Pianist gives female composers center stage

Ameila Perron

Friday, April 21, women of the musical world were given their due in a recital which featured the work of female composers as performed by pianist and Lawrence alumna Dr. Nancy Boston.
Boston’s appearance at Lawrence is part of her sabbatical project to expose audiences to the music of living female composers. She contacted the Conservatory to arrange the recital and, according to professor of piano Anthony Padilla, “She’s an alum, so we were happy to have her play.”
Boston is a professor of music at Mansfield University of Pennsylvania. “She has been specializing in performance of female composers for 15 years,” said Padilla.
A member of the International Alliance for Women in Music, Boston has participated in international festivals of female composers and is currently working on a CD, which will include the works performed Friday.
“She also has a lecture titled ‘Good Daughters of Music’ that discusses the emergence of female composers,” Padilla added. Boston did not give the lecture Friday night.
Boston’s interest in female composers dates to her early years of teaching. “One of my first years at Mansfield they had a week of women’s events, including a pianist who came in and did a concert of music by women composers,” she related.
“Since then I have programmed traditional literature and pieces by women composers, also programs of totally women’s music. . I feel that history has ignored this music, and that it stands up very well in comparison to the music by men composers.”
Boston’s work addresses what she considers a long-neglected issue. Lawrence fellow Jen Fitzgerald, also an IAWM member, noted, “There’s a large representation of men in new music now. At Lawrence, you’ll notice that the composition students are largely male. There’s such a long history of men dominating music. That history persists.”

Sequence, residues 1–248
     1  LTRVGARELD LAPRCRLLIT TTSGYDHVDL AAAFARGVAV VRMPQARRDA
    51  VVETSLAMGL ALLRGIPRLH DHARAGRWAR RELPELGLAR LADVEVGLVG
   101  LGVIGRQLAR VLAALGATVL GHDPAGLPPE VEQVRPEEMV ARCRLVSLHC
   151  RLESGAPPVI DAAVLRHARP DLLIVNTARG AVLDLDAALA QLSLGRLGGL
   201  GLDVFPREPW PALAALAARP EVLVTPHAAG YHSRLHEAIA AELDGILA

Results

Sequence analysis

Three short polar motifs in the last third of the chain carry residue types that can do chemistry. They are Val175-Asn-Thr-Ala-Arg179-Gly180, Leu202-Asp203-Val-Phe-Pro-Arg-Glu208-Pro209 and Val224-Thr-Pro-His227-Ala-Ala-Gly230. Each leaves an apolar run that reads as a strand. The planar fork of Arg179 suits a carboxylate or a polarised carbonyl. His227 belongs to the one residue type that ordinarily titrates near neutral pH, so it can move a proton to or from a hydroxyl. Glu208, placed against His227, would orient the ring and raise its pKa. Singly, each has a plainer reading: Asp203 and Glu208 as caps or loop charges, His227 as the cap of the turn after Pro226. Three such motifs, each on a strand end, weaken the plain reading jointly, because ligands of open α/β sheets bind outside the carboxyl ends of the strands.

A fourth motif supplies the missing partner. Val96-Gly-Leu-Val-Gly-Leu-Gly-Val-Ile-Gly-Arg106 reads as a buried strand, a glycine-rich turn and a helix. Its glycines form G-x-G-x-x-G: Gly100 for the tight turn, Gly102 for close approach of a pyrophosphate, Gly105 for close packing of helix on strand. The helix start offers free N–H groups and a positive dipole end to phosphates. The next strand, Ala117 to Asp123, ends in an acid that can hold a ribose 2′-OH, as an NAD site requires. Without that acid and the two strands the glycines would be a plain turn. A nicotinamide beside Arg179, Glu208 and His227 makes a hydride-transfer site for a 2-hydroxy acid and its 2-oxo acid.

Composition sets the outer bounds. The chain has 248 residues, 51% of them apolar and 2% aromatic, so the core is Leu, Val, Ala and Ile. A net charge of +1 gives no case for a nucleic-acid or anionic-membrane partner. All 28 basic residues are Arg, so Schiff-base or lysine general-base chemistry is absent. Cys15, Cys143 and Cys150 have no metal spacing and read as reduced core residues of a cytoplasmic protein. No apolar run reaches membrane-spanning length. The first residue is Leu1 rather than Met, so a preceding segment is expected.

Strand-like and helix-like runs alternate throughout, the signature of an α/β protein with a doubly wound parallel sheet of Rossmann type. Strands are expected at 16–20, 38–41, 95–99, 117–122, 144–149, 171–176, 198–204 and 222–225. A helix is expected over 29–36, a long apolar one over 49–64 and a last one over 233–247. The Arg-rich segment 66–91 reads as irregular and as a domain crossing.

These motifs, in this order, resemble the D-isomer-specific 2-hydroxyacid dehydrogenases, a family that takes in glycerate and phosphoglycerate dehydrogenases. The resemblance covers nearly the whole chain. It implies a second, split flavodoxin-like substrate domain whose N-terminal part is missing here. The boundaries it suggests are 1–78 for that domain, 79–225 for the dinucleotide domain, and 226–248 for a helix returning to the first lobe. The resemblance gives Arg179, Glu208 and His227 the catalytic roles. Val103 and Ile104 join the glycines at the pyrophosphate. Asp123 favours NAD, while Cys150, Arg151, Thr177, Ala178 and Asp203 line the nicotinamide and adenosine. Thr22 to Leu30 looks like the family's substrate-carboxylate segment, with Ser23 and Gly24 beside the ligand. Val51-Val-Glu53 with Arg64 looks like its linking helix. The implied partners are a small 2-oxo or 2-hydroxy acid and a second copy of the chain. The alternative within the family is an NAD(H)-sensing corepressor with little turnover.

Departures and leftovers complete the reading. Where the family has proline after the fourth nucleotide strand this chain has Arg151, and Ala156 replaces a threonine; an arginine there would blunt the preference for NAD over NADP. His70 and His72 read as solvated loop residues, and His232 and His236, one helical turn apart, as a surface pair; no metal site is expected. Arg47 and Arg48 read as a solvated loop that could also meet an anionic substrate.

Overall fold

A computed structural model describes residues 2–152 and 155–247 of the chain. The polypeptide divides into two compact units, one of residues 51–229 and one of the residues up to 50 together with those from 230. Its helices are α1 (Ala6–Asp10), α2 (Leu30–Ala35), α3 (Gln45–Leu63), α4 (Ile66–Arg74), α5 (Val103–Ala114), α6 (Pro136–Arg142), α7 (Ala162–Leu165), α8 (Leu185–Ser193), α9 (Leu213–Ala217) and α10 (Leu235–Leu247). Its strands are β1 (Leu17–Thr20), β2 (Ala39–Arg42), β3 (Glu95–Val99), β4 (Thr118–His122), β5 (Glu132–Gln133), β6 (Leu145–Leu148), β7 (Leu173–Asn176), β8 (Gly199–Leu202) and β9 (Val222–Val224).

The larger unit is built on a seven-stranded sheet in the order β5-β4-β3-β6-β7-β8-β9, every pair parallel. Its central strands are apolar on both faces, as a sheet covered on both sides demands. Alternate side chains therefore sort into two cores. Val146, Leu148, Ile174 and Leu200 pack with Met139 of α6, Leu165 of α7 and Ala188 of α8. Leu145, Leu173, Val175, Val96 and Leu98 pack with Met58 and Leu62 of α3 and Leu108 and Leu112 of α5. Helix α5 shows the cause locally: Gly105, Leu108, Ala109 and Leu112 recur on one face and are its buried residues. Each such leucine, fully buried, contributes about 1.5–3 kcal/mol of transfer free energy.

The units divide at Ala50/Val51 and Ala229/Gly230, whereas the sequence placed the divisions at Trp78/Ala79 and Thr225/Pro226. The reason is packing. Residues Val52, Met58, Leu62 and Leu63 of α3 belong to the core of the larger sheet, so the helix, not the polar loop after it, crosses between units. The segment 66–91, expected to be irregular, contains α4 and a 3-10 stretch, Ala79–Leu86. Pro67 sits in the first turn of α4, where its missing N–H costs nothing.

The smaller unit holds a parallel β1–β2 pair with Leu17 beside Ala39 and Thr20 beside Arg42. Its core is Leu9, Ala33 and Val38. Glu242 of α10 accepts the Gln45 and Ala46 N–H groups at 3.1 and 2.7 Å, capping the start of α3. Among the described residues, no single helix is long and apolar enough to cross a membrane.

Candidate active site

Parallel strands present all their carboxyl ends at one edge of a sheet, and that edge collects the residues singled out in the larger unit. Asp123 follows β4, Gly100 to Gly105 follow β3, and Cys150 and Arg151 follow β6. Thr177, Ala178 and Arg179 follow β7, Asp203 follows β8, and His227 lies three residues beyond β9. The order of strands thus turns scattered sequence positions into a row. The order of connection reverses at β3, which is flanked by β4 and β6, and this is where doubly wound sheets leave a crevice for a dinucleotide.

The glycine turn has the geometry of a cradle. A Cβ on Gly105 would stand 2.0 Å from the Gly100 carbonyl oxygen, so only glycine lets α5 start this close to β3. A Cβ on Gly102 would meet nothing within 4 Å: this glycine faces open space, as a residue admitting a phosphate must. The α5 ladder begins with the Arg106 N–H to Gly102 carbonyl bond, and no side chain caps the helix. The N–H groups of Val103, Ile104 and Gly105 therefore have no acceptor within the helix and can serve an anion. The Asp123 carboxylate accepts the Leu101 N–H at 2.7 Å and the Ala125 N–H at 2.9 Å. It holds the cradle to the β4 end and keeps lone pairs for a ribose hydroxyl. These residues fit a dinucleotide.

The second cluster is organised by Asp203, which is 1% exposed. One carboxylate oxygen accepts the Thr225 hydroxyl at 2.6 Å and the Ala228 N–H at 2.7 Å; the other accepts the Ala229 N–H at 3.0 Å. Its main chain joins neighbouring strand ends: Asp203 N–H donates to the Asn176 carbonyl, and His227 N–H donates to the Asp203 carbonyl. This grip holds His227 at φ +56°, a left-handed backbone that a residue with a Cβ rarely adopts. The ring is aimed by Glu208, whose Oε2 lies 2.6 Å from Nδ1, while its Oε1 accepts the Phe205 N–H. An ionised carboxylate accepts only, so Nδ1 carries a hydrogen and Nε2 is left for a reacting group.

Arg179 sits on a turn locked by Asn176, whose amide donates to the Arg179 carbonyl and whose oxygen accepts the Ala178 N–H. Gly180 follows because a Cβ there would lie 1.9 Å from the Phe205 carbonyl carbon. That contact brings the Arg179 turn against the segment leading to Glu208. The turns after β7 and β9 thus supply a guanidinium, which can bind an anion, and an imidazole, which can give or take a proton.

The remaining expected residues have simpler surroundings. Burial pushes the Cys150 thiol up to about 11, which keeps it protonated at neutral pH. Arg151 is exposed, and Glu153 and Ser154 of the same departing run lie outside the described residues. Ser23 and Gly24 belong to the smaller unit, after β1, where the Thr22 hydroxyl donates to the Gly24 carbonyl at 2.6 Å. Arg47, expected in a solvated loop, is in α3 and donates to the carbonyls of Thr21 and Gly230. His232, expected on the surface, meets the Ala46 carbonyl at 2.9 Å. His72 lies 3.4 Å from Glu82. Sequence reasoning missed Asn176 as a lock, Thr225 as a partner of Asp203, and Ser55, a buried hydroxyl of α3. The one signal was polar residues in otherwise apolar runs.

Boston further observed, “Right up to the 20th century, women who composed were thought of as neglecting their women’s duties. There still is a historical attitude about women composers in general which has to be addressed constantly before it will fade away.”
The music Boston selected, with jazz and pop influences, was meant to be accessible to a variety of audience members.
“In the 20th century, music by women followed the same trends in composition as that of male composers,” Boston said. Fitzgerald added, “Experience varies by the individual, and being a woman is part of the individual experience.”
According to Fitzgerald, “The most important thing is to not make assumptions about what women’s music should sound like. It’s a broad spectrum.”
Despite what she considers the great progress made by women, Fitzgerald acknowledged that female composers still have a long way to go. “Women may not need to be pioneers in most fields,” she said, “but composition is one of those fields where they still do.

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